|cob construction||Northern Light|
The concept of "cob construction" is controversial. Widely differing opinions are held by thoughtful, well meaning people. As the physics, metaphysics and culture of housing is complex, many subtle design compromises are required.
A great site for a high quality introduction to most "natural" building methods is www.zianet.com, the Black Range people and Katherine Wanik. The primary source for cob information may be The Cob Cottage Company..
My knowledge of Cob Construction is limited. I attended a natural building symposium in Northern California a couple of years ago where one of the main projects was a hybrid greenhouse/garden storage building featuring a rock foundation, with some straw bale walls and some cob walls. It had an amazing cob oven and an organic roof formed with found dead fall trees of wonderful shapes. I observed that cob construction seemed to be a woman thing, with most of the enthusiastic participation coming primarily but not entirely from young women. The men were participating as much to be around the women as to build a cob structure...but I digress.
Cob structures are generally constructed with a heavy mixture of clay, sand, straw (and water) much like adobe or rammed earth, but unlike adobe, no (dry) bricks are made, and unlike rammed earth, no forms are used. The wet "adobe" is formed into walls of about 18 inches thick by hand in a rigorous process of transfering small "loaves" of cob to the top of the formed wall, and pounding into place by hand, shaping and forming as one goes up. Clearly this process lends itself to irregular, organic wall shapes. It is a wonderful but exhausting hands on process...something to fall in love with.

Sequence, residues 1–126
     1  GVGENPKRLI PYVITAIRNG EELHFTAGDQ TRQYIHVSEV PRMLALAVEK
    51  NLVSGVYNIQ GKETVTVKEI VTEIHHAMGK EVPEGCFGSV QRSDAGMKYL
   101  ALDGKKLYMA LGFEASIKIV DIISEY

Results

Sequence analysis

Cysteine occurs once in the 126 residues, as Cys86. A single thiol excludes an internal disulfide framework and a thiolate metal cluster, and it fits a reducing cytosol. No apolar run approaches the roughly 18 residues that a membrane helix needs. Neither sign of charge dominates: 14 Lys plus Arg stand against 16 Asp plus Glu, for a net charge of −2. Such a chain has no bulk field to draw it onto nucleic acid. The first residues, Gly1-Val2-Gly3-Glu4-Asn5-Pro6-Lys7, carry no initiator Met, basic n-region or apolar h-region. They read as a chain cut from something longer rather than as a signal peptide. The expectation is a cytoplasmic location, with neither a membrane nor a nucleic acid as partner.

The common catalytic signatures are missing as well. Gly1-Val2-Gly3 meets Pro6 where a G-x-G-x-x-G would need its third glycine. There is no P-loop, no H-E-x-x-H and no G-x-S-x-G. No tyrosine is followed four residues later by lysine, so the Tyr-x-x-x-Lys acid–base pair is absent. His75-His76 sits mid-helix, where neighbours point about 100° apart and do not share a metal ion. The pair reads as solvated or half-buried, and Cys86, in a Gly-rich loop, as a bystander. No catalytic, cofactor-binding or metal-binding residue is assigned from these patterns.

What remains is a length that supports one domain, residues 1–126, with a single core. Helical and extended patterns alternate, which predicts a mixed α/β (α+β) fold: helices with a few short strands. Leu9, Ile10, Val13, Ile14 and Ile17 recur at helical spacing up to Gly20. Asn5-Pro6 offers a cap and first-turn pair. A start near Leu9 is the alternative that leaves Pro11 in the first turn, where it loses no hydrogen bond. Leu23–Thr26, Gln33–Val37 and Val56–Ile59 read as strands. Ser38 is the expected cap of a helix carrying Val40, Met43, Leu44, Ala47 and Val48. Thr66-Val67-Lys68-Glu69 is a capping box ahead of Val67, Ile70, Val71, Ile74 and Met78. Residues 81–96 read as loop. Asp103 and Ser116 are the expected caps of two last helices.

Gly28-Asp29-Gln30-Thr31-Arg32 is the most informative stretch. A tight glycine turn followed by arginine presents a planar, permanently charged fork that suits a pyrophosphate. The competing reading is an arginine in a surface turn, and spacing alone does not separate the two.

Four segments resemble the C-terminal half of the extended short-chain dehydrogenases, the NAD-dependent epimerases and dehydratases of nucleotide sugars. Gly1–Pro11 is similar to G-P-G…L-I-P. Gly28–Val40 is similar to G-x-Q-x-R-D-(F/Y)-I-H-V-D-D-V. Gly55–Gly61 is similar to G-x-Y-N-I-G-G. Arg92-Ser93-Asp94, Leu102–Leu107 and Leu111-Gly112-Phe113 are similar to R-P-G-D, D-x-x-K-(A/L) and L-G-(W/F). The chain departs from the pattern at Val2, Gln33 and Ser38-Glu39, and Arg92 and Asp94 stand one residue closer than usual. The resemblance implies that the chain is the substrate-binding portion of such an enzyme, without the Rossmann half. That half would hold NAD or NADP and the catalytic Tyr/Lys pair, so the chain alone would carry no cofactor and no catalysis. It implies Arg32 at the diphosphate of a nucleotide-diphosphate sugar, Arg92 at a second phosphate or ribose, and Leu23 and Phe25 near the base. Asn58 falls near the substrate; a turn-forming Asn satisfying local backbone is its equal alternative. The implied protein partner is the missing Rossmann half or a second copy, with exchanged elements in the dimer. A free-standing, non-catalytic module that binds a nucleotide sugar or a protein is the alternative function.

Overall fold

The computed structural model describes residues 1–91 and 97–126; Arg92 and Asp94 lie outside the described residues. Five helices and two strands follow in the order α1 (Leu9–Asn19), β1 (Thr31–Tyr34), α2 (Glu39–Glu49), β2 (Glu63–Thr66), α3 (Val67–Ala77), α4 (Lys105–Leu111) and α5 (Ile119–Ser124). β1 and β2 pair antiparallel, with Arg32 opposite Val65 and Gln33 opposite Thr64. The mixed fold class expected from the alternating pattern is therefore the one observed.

Structures to date tend to be small, hobit like, very sculptural, with windows formed directly into the cob with or without rough bucks, poured adobe floors, often with rock foundations. In the "natural building" spectrum, cob is probably the closest to "natural" being built today...in the first world.
Please, if you have a perspective, comment or information that will add to this feeble introduction please send them along and I will include them here under your byline. Thanks, Robert.